Writes Ms. Mary Kochan of Catholic Lane:
There was no pretending that this marriage was merely about the two young lovers and their “feelings.” Despite the fairy-tale aspects and all the Cinderella references, this wedding anchored their marriage into a familial and social order that goes way beyond them in time and geography. Contra the modern conception of the atomized individual, both families were present and involved as though “t]he future of humanity passes by way of the family” (Familiaris Consortio), because indeed it does. Human beings do not create themselves; they do not create their own identities. They discover who they are and for (blessedly, still) most that discovery takes place in a family context, where roles of son or daughter, nephew or niece, brother or sister, weave the texture of life.Further:
Just as human beings do not create themselves, they do not create marriage. Marriage is an estate given to man by his Creator and human beings stand under the judgment of God regarding how seriously they take it. There was no mincing of words on that score and everything attending the ceremony underscored the sacred nature of the proceedings. The couple did not use the wedding to showcase their hobbies or any other frivolity. They married in a sacred place, the most opulent and venerable space available to them given their station in life. Their wedding was presided over by the highest ranking clerics available to them. And the ceremony was accompanied by beautiful sacred music, some traditional and some composed especially to mark the occasion – but composed, as was their own prayer, in accord with the religious tradition they both inherited and assented to, screwed deeply into the sacred history of that heritage and thus timeless. Timeless the music, timeless the readings, timeless the prayers, and even the dress, for it is by such timelessness that we celebrate what is transcendent.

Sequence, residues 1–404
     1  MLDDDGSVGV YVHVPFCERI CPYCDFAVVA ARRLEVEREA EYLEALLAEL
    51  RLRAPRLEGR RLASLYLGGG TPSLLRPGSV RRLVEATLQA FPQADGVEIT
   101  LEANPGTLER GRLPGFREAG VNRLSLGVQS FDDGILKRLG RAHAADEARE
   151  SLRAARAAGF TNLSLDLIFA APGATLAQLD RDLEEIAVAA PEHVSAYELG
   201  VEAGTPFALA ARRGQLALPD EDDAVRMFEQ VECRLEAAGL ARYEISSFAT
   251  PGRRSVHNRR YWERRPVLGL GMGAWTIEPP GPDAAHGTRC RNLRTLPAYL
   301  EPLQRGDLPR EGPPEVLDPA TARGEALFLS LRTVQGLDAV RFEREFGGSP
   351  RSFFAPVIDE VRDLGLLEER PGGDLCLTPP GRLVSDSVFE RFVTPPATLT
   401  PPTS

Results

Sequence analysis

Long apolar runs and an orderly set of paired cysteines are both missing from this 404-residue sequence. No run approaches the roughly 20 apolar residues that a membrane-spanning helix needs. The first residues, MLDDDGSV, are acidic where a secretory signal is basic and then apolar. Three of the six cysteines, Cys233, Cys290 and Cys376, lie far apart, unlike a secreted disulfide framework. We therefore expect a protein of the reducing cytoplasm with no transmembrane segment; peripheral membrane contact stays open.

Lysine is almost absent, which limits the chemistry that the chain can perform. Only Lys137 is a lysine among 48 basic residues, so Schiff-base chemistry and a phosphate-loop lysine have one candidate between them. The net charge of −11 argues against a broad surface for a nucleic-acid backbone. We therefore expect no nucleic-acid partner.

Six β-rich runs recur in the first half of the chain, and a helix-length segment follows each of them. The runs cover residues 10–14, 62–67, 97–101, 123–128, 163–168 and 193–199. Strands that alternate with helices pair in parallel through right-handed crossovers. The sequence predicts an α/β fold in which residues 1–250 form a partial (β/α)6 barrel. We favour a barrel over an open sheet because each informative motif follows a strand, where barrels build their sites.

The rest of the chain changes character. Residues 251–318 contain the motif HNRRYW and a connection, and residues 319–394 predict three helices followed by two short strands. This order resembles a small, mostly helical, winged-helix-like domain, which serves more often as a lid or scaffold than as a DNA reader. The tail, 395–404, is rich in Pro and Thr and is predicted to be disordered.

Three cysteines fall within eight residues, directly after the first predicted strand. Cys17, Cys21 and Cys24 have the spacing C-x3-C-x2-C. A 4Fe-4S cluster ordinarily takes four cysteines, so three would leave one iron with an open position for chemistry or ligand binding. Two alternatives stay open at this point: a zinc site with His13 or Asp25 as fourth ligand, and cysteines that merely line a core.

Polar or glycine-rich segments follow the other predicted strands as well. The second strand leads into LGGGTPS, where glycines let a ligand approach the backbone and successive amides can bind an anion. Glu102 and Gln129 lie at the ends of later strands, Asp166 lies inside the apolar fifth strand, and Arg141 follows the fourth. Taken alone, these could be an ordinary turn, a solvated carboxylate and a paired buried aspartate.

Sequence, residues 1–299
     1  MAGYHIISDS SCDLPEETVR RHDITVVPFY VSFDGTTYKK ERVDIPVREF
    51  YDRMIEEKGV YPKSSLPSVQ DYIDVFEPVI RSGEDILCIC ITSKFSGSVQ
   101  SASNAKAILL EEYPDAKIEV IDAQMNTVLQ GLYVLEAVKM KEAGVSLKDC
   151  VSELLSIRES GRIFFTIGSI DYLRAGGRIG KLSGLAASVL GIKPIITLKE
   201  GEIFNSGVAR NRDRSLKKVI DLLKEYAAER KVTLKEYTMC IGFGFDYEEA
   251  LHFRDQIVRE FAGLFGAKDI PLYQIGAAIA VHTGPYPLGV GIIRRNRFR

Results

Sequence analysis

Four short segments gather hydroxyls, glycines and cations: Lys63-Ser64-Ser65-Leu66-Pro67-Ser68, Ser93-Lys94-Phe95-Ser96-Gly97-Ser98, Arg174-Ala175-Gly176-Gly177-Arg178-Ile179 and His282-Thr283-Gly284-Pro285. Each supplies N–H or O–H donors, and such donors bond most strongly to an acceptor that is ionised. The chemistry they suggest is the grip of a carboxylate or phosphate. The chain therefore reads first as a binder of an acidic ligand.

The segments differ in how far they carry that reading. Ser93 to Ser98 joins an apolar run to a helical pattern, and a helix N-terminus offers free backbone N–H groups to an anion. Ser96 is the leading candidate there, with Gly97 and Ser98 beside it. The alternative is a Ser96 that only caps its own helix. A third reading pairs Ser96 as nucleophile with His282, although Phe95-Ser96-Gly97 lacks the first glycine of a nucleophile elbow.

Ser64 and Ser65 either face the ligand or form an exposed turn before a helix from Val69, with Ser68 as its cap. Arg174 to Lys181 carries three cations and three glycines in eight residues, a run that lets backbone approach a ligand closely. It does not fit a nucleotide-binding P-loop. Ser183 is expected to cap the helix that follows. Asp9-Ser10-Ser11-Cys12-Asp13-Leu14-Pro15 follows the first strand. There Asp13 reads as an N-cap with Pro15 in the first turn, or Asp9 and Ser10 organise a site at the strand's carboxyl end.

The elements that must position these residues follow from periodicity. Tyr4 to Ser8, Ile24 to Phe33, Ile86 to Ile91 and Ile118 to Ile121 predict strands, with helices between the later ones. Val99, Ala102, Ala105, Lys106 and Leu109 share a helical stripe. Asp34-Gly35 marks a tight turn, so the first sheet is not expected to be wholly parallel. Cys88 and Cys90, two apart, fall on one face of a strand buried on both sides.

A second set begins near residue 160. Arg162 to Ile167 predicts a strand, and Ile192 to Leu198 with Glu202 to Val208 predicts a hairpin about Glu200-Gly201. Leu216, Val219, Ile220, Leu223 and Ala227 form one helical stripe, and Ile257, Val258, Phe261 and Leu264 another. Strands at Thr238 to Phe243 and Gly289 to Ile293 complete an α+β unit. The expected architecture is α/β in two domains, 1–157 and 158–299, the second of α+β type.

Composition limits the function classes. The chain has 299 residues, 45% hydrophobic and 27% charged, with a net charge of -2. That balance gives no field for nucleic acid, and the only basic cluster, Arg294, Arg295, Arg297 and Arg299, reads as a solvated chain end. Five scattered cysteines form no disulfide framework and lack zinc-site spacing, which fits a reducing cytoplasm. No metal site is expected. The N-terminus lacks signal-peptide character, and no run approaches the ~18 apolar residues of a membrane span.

Woman then is a gift to man in a special way, something for him to “unwrap” and treasure. Hence the handing over of her by her father; hence the veil; hence the virginal white of the gown. And here come the cynics to remind us that they have lived together already for four years. Yes, but they did not on that account forgo the ceremonial giving and rightly so, for while the gift may have been opened illegitimately before, the giving here was still real – some things are honored even in the breach and you could see it in her eyes. They no longer live a lie, but William has in the old, but so true, terminology, “made an honest woman of her” — they tell the truth now, to each other and the world. The woman is given to the man and the world should pause and ponder.
Among other things, this means that there was no pretending that this man and woman could have been interchangeable with two men or two women. Imagine for a moment that Prince William had announced at 17 that he was “gay” and taken up with another young man. Would there have been a royal wedding and perhaps a new heir gotten by means of a lesbian surrogate and a turkey baster? No. It would not be. And we don’t say, “It would not be” with a proper British accent and a tone that indicates we simply mean “It just isn’t done.” No, we mean it would not exist. In the face of the homosexual agenda and all its propaganda, this wedding proclaimed the truth of marriage and showed homosexual pretense up for the play-acting absurdity that it is. Marriage is something, the lifelong union of man and woman, and marriage has ends – purposes – the chief among them being the procreation of children.
H/T: Tea at Trianon